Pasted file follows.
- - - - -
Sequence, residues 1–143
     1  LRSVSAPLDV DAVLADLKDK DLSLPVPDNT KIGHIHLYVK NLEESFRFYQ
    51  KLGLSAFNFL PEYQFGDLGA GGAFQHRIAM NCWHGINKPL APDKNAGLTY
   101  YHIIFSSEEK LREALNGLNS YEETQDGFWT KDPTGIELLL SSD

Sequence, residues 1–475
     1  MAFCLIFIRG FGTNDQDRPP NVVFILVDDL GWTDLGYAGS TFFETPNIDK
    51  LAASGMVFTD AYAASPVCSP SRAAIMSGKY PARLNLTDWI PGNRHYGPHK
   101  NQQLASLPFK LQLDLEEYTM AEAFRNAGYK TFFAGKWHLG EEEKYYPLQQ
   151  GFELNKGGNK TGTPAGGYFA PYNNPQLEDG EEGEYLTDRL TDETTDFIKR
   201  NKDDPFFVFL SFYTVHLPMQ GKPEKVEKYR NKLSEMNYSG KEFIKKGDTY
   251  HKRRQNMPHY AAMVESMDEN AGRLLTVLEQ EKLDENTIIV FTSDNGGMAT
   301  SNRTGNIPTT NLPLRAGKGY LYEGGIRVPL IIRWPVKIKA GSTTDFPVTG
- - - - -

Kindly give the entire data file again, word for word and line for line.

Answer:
Sequence, residues 1–143
     1  LRSVSAPLDV DAVLADLKDK DLSLPVPDNT KIGHIHLYVK NLEESFRFYQ
    51  KLGLSAFNFL PEYQFGDLGA GGAFQHRIAM NCWHGINKPL APDKNAGLTY
   101  YHIIFSSEEK LREALNGLNS YEETQDGFWT KDPTGIELLL SSD

Sequence, residues 1–475
     1  MAFCLIFIRG FGTNDQDRPP NVVFILVDDL GWTDLGYAGS TFFETPNIDK
    51  LAASGMVFTD AYAASPVCSP SRAAIMSGKY PARLNLTDWI PGNRHYGPHK
   101  NQQLASLPFK LQLDLEEYTM AEAFRNAGYK TFFAGKWHLG EEEKYYPLQQ
   151  GFELNKGGNK TGTPAGGYFA PYNNPQLEDG EEGEYLTDRL TDETTDFIKR
   201  NKDDPFFVFL SFYTVHLPMQ GKPEKVEKYR NKLSEMNYSG KEFIKKGDTY
   251  HKRRQNMPHY AAMVESMDEN AGRLLTVLEQ EKLDENTIIV FTSDNGGMAT
   301  SNRTGNIPTT NLPLRAGKGY LYEGGIRVPL IIRWPVKIKA GSTTDFPVTG